In Dur-Ecu you face a beach that witnessed two Royal Navy Landings and the only European battle of the American Civil War.
The Royal Navy landed twice on the Urville beach, in 1522.. and 1758 (trust the Admiralty for keeping good records. Each time the aim was to make sure that the French King would keep enough ground forces in its western provinces. This way he would not be able to use these armies against continental rivals, and try to get European prominence.
The waters off the manor saw one of the most famous naval battles of the American Civil War: The sinking of the Alabama.
The following chapters come from http://www.history.navy.mil/branches/org12-1.htm
In 1862, John Laird Sons and Company of Liverpool, England built the screw sloop-of-war CSS Alabama for the Confederate States of America. Launched as Enrica, the vessel was fitted out as a cruiser and commissioned as CSS Alabama on 24 August 1862. Under Captain Raphael Semmes, Alabama spent the next two months capturing and burning ships in the North Atlantic and intercepting American grain ships bound for Europe. Continuing its path of destruction through the West Indies, Alabama sank USS Hatteras near Galveston, Texas and captured its crew. After visiting Cape Town, South Africa Alabama sailed for the East Indies where it spent the next six months cruising for enemy shipping. While there, the formidable commerce raider destroyed seven more ships before redoubling the Cape of Good Hope and returning to Europe.
On 11 June 1864 Alabama arrived at Cherbourg, France and Captain Semmes requested the permission of city officials to dock and overhaul his ship. Three days later, the sloop-of-war USS Kearsarge, which had been pursuing the raider, arrived off Cherbourg and began patrolling just outside of the harbor. On June 19, Alabama sailed out of Cherbourg to engage Kearsarge. As Kearsarge turned to meet its opponent, Alabama opened fire. Kearsarge’s crew waited until the distance between both vessels closed to less than 1,000 yards before returning fire. According to survivors of the battle, the two ships steamed on opposite circular courses as each commander tried to cross the bow of his opponent to deliver a heavy raking fire. The battle quickly turned against Alabama due to the poor quality of its powder and shells; by contrast, Kearsarge benefited from additional protection provided by chain cables along its sides.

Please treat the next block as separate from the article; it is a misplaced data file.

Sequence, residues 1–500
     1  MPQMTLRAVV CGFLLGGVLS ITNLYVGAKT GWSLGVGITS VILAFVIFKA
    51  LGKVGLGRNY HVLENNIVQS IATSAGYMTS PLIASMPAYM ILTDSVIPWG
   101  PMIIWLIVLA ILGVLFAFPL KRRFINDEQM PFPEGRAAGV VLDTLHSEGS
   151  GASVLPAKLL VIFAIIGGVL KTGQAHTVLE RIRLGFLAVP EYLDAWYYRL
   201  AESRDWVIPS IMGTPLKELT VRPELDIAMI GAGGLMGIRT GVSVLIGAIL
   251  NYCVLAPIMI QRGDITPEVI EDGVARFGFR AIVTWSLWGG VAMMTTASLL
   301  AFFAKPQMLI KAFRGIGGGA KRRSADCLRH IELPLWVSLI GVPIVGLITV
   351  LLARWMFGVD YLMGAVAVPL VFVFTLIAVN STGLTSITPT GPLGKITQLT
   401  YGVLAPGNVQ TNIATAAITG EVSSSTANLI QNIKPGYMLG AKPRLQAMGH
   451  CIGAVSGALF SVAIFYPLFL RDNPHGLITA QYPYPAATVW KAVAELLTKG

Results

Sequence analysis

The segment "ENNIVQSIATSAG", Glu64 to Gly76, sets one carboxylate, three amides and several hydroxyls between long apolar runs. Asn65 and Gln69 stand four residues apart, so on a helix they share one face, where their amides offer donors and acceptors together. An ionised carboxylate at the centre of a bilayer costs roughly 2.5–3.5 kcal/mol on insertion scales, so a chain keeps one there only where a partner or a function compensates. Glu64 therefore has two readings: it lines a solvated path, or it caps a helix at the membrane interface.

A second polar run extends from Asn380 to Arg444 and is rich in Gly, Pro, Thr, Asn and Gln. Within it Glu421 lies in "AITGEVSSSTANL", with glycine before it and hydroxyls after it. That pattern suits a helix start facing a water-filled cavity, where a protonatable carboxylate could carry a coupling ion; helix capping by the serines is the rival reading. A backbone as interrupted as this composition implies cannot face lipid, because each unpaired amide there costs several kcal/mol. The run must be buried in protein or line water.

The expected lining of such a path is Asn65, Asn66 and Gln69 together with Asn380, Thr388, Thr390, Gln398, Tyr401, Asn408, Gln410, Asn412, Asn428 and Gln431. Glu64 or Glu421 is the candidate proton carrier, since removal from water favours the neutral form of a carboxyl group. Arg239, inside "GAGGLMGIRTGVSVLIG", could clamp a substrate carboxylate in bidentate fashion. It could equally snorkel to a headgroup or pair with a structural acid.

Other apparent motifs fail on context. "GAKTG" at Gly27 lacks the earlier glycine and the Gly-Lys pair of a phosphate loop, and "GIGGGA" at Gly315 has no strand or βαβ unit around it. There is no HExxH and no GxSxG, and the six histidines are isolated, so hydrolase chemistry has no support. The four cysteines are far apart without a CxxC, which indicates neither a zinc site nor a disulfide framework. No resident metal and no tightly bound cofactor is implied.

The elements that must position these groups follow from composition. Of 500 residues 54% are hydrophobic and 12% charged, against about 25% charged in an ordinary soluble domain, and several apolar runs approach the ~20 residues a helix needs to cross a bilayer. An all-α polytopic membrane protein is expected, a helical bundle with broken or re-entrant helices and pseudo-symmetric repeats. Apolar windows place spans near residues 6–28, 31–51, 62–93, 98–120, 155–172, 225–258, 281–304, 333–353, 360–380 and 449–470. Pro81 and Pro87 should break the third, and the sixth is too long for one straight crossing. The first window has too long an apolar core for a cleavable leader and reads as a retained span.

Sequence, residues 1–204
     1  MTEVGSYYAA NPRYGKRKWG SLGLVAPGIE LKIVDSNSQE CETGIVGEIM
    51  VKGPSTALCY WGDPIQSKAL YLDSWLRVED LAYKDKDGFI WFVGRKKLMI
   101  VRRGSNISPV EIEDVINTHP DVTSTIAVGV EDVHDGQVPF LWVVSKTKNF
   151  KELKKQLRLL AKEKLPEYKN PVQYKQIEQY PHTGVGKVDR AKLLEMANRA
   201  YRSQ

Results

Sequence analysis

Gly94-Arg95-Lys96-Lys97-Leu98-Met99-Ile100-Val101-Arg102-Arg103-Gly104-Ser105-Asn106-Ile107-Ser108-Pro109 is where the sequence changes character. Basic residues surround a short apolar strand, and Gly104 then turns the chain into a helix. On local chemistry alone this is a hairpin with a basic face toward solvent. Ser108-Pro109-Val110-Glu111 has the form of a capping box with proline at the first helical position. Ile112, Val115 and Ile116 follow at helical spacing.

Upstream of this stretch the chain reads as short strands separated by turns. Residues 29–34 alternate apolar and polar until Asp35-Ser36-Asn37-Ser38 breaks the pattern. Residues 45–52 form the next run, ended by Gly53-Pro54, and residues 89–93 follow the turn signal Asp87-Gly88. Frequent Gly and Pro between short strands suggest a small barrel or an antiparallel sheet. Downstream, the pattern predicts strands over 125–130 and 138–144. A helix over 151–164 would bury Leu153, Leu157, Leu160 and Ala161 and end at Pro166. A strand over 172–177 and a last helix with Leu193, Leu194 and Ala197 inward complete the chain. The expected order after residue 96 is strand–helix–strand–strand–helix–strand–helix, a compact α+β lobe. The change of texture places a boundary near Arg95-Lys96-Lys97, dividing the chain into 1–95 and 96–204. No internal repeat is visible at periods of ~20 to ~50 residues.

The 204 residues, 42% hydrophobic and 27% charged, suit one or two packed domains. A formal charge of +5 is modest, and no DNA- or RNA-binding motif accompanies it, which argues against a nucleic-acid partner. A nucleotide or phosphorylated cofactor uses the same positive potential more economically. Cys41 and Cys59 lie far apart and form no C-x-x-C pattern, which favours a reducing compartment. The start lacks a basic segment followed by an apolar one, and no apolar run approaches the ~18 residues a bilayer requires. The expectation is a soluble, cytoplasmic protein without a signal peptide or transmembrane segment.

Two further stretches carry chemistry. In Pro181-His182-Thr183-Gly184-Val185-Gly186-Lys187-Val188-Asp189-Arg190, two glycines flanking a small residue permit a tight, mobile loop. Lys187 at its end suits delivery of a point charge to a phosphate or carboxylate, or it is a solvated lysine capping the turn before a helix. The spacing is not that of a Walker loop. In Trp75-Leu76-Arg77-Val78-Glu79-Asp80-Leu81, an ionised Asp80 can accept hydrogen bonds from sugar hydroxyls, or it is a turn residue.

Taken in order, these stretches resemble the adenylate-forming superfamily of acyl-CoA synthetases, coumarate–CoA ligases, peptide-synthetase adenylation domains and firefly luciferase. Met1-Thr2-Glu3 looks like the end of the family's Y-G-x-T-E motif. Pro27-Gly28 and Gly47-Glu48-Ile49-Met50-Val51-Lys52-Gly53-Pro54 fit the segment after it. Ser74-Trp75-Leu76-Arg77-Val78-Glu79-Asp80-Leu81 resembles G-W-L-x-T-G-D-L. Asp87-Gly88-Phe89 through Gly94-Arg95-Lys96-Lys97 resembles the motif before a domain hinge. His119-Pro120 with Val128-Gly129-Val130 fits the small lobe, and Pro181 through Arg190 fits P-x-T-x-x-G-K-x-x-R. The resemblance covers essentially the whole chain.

Approximately one hour after firing the first shot, Alabama had been reduced to a rapidly sinking hulk. According to witnesses, Alabama fired 150 rounds to the Kearsarge’s 100. When a shell fired by Kearsarge tore open a section of Alabama’s hull at the waterline, seawater quickly rushed through the cruiser and forced it to the bottom. Semmes subsequently struck his colors and sent a boat to surrender to his opponent. Although Kearsarge’s crew rescued most of the raider’s survivors, the British yacht Deerhound picked up Semmes and 41 others who escaped to England. During its two-year career as a commerce raider, Alabama inflicted considerable disorder and devastation on United States merchant shipping throughout the globe. The Confederate cruiser claimed more than 60 prizes with a total value of approximately $6,000,000.